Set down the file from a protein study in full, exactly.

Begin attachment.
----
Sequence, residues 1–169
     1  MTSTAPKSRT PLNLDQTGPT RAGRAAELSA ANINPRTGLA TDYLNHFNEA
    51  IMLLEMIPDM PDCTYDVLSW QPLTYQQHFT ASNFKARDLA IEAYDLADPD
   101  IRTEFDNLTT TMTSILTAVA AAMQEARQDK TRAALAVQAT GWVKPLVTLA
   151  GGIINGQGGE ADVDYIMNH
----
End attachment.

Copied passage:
Sequence, residues 1–169
     1  MTSTAPKSRT PLNLDQTGPT RAGRAAELSA ANINPRTGLA TDYLNHFNEA
    51  IMLLEMIPDM PDCTYDVLSW QPLTYQQHFT ASNFKARDLA IEAYDLADPD
   101  IRTEFDNLTT TMTSILTAVA AAMQEARQDK TRAALAVQAT GWVKPLVTLA
   151  GGIINGQGGE ADVDYIMNH